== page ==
Complete the square to make a perfect square trinomial. Then, write the result as a binomial squared. c^2+2c

Skip to content# Complete the square to make a perfect square trinomial. Then, write the result as a binomial squared. c^2+2c

Complete the square to make a perfect square trinomial. Then, write the result as a binomial squared. c^2+2c

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[tex]n^2 + \frac{5}{2}n + \frac{25}{16}[/tex]

[tex](n + \frac{5}{4})^2[/tex]

Step-by-step explanation:

Given

[tex]n^2 + \frac{5}{2}n[/tex]

Required

(a) Make a perfect square trinomial

(b) Write as binomial square

Solving (a)

Let the missing part of the expression be k;

This gives

[tex]n^2 + \frac{5}{2}n + k[/tex]

To solve for k, we need to square half the coefficient of n;

i.e. Since the coefficient of n is [tex]\frac{5}{2}[/tex], then

[tex]k = (\frac{1}{2} * \frac{5}{2})^2[/tex]

[tex]k = (\frac{5}{4})^2[/tex]

[tex]k = \frac{25}{16}[/tex]

Hence;

[tex]n^2 + \frac{5}{2}n + k[/tex] = [tex]n^2 + \frac{5}{2}n + \frac{25}{16}[/tex]

Solving (b)

[tex]n^2 + \frac{5}{2}n + \frac{25}{16}[/tex]

Expand [tex]\frac{5}{2}n[/tex]

[tex]n^2 + \frac{5}{4}n+ \frac{5}{4}n + \frac{25}{16}[/tex]

Factorize

[tex]n(n + \frac{5}{4})+ \frac{5}{4}(n + \frac{5}{4})[/tex]

[tex](n + \frac{5}{4})(n + \frac{5}{4})[/tex]

[tex](n + \frac{5}{4})^2[/tex]

Hence:

[tex]n^2 + \frac{5}{2}n + \frac{25}{16}[/tex] = [tex](n + \frac{5}{4})^2[/tex]

Perfect square trinomial: [tex]n^2+n+\dfrac{1}{4}[/tex]

Binomial squared: [tex]\left(n+\dfrac{1}{2}\right)^2[/tex].

Step-by-step explanation:

The given expression is [tex]n^2+n.[/tex]

Here coefficient of n is 1.

Now, find square of half of coefficient of n.

[tex]\left(\dfrac{1}{2}\times 1\right)^2=\dfrac{1}{4}[/tex]

Now, add [tex]\dfrac{1}{4}[/tex] in the expression to make it perfect square trinomial.

[tex]n^2+n+\dfrac{1}{4}[/tex]

[tex]\Rightarrow n^2+n+\left(\dfrac{1}{2}\right)^2[/tex]

[tex]\Rightarrow \left(n+\dfrac{1}{2}\right)^2[/tex] [tex]\because (a+b)^2=a^2+2ab+b^2[/tex]

Therefore, perfect square trinomial is [tex]n^2+n+\dfrac{1}{4}[/tex] and binomial squared is [tex]\left(n+\dfrac{1}{2}\right)^2[/tex].

[tex]\bigg(n+\dfrac{5}{4}\bigg)^2[/tex]

Step-by-step explanation:

[tex]n^2+\dfrac{5}{2}n+\underline{\qquad}\\\\\\n^2+\dfrac{5}{2}n+\bigg(\dfrac{5}{2\cdot 2}\bigg)^2\\\\\\n^2+\dfrac{5}{2}n+\bigg(\dfrac{5}{4}\bigg)^2\\\\\\=\bigg(n+\dfrac{5}{4}\bigg)^2[/tex]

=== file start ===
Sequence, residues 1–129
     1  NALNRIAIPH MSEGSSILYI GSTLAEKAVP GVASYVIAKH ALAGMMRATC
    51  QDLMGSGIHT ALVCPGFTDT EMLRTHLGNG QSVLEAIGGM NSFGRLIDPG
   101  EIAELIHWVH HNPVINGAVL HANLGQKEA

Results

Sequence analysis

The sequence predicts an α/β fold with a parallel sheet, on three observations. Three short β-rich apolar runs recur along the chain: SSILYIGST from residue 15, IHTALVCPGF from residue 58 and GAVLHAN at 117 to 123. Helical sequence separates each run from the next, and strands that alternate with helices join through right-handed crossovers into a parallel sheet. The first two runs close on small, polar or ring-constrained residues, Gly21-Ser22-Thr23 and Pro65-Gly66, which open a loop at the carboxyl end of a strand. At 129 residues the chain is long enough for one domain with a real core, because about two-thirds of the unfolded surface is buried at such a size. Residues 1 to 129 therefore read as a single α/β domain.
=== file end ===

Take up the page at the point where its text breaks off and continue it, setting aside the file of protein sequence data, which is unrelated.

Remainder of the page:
(n- 2/3)²

Step-by-step explanation:

Perfect square trinomial is: a²+2ab+b²= (a+b)²

We have:

n² - 4n/3

It can be put as:

n² -2×n×2/3

Here we consider n = a and -2/3 = b, then

b²= (-2/3)²= 4/9

Now we add 4/9 to a given binomial to make it perfect square:

n² - 2×n×3/2 + 4/9= (n- 2/3)²

So, added 4/9 and got a perfect square (n- 2/3)²

(y+5)²

Step-by-step explanation:

Every perfect square trinomial, completes the rule:

(a+b)²=(a²+2ab+b²)

Let's complete the PST:

(a) would be the square root of y², which is y.

(b) would be a number that multiplied by 2y gives us 10y, which is 5.

Our perfect square trinomial is y²+10y+25

Finally, using the mentioned rule, the binomial square for that equation is (y+5)²

Take the coefficient of ''n'', divide it by 2, and raise it to the second power;

[tex]n^2+n+(\frac{1}{2})^2[/tex]

[tex]n^2+n+\frac{1}{4}=0[/tex]

[tex]=(n+\frac{1}{2} )^2[/tex]

Step-by-step explanation:

Hello, please consider the following.

[tex]q^2-\dfrac{1}{4}q=q^2-2\cdot \dfrac{1}{8}\cdot x=(q-\dfrac{1}{8})^2-\dfrac{1}{8^2}\\\\=\boxed{(q-\dfrac{1}{8})^2-\dfrac{1}{64}}\\\\\text{ We need to add } \dfrac{1}{64} \text{ to complete the square.}\\\\[/tex]

[tex]\Large \boxed{\sf \ \ q^2-\dfrac{1}{4}q+\dfrac{1}{64}=(q-\dfrac{1}{8})^2 \ \ }[/tex]

Hope this helps.

Do not hesitate if you need further explanation.

Thank you